Denise Adams

There are silent, quick moments that jump out of my childhood. Not just the big ones like moving to Louisiana, getting a new sibling or when my dad’s toupee came in the mail.

Snapshots of ordinary days that, for some reason, cling to the top of my memory bank.

I’m the eldest of seven children. We’re stair-steppers – two years separates most of us, and we grew up sharing a lot of the same likes and dislikes.

Our parents taught us to stand up for each other, and even during our worst arguments, we stuck together.

One afternoon, my brother came home and said a kid down the street was picking on him. The four eldest children in the family – Jimmy, Johnny, Diane and I – immediately jumped up off the couch and walked down the middle of Evans Drive, our shoulders touching, looking for that kid.

We felt invincible alone but, together, we were more powerful than the Fantastic Four.

That afternoon was over 50 years ago, and we’ve all grown older since that summer in Baker Estates. As the eldest, the aches and pains should start with me, but we’ve all shared taking turns at the front of the gray-haired line.

My brother, Jimmy, was born a year and five days after me. We’ve always been close and he has a sixth sense when I need to talk to him.

He’s been an outstanding dentist all his adult life, and, as a result of craning to look into people’s mouths, developed arthritis in his neck a few years ago.

I didn’t realize how much the pain bothered him until I watched him complete a few chores at his house. He held his neck in a stiff manner, and it was obvious he didn’t feel great. But he’s not one to complain, in fact, none of us whine about the way Father Time is marching up and down our bodies.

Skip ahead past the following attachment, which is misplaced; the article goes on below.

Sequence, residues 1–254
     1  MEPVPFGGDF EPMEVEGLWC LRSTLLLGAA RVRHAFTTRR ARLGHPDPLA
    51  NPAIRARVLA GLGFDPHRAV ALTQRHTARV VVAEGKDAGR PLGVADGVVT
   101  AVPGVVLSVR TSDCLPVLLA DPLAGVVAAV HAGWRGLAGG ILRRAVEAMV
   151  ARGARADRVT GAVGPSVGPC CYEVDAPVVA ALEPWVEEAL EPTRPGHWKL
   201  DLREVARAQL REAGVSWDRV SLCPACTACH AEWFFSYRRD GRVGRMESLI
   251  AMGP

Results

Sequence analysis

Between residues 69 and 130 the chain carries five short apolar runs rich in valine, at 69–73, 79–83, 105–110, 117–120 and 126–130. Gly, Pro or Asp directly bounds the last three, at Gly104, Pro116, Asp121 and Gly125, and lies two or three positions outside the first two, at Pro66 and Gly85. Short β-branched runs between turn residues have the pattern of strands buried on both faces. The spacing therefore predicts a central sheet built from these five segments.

That march is subtle at times – all of us wear reading glasses, and there’s a lot more gray in beards and hairdos than there used to be.

Almost all of us walk with a slight limp, thanks to a gift from the gene pool of having bad backs and sciatic trouble.

The youngest two in our family – Jeff and Donna – are still spry and healthy, and I wonder if they look at their older siblings like people look at flashing caution lights.

Time, however, keeps moving on, and there’s no way to stop the progression of wear and tear on our bodies.

This week, sister Diane had double knee replacement following years of painful walking. She was a runner in her youth, which didn’t help with the gene pool gift of rubbery knees, and she also spent years on the soccer field sidelines taking pictures.

But Diane’s one of the toughest and most determined women I’ve ever met, and she told me she’s going to do everything the doctors tell her to do to recuperate.

She’s following our mom’s lead. When Mom had knee replacement surgery a few years ago, she was walking down the halls the next day and completed all the rehabilitation exercises the doctor ordered.

All this at the age of 80.

Diane says if Mom can do it, so can she.

It’s in the genes. It’s in that mental snapshot I have of my grandfather walking to and from work every day following a massive heart attack, my Grandma Marguerite losing weight without complaining when she found out she had diabetes and my dad letting his granddaughter decorate his electric scooter when he didn’t have enough oxygen to walk.

Those memory snapshots seem like they happened yesterday. And perhaps that’s how life progresses – a series of memories that when strung together, convince us to be stronger than we believed we could be.

Denise’s email is

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